This excerpt taken from the PDA 6-K filed Jul 10, 2009.
Our use of derivative financial instruments may negatively affect our operations, especially in a volatile and uncertain market.
We have used, and we expect to continue to use, derivative financial instruments to manage the risk profile associated with interest rates and currency exposure of our debt, to reduce our financing costs, to access alternative sources of financing and to hedge some of our financial risks. For the year ended December 31, 2008, we had a net loss of approximately R$2,365.8 million (U.S.$1,012.3 million) from financial instruments as compared to a net gain of R$191.6 million (U.S.$108.2 million) in 2007. These losses resulted from a variety of factors (some of which are further described in "Legal ProceedingsCivil Litigation"), including losses related to changes in the fair value of cross currency swaps and other currency derivatives attributable to the variation of the U.S. dollar against the Brazilian real and certain activities of the former finance officer. To the extent that any of these factors persist in 2009, we may continue to incur net losses from our derivative financial instruments.
Furthermore, the fair value of derivative instruments fluctuates over time as a result of the effects of future interest rates, exchange rates and financial market volatility. These values must be analyzed in relation to the fair values of the underlying transactions and as part of our overall exposure to fluctuations in interest rates and foreign exchange rates. Since valuation is imprecise and variable, it is difficult to accurately predict the magnitude of the risk posed by our use of derivative financial instruments going forward and to state with certainty that we will not be negatively affected by our derivative financial positions.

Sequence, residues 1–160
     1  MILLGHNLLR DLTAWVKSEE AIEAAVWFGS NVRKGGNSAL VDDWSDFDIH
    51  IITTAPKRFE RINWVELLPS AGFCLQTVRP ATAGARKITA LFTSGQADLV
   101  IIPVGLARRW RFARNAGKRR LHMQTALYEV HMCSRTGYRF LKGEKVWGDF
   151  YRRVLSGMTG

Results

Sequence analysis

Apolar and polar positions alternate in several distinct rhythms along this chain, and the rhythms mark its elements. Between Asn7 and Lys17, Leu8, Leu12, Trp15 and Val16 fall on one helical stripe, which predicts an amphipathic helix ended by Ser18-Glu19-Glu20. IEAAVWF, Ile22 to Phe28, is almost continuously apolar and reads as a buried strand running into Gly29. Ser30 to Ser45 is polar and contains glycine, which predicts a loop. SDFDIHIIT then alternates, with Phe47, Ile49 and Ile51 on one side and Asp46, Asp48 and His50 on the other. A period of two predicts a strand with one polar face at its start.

Companies experienced a period of greater volatility in the global financial and securities markets as part of the worsening of the financial institutions' crisis which started in 2007. The financial crisis significantly and negatively affected the valuation of our derivative instruments portfolio, primarily the valuation of foreign exchange options and currency derivatives related to debt. As a result of increased volatility and devaluation of the real against the U.S. dollar, there were significant changes in the fair value of our derivative instruments portfolio, which triggered the need to make deposits in margin accounts with the counterparties and to incur additional indebtedness to make margin deposits or to settle some of these derivative transactions, negatively affecting our liquidity.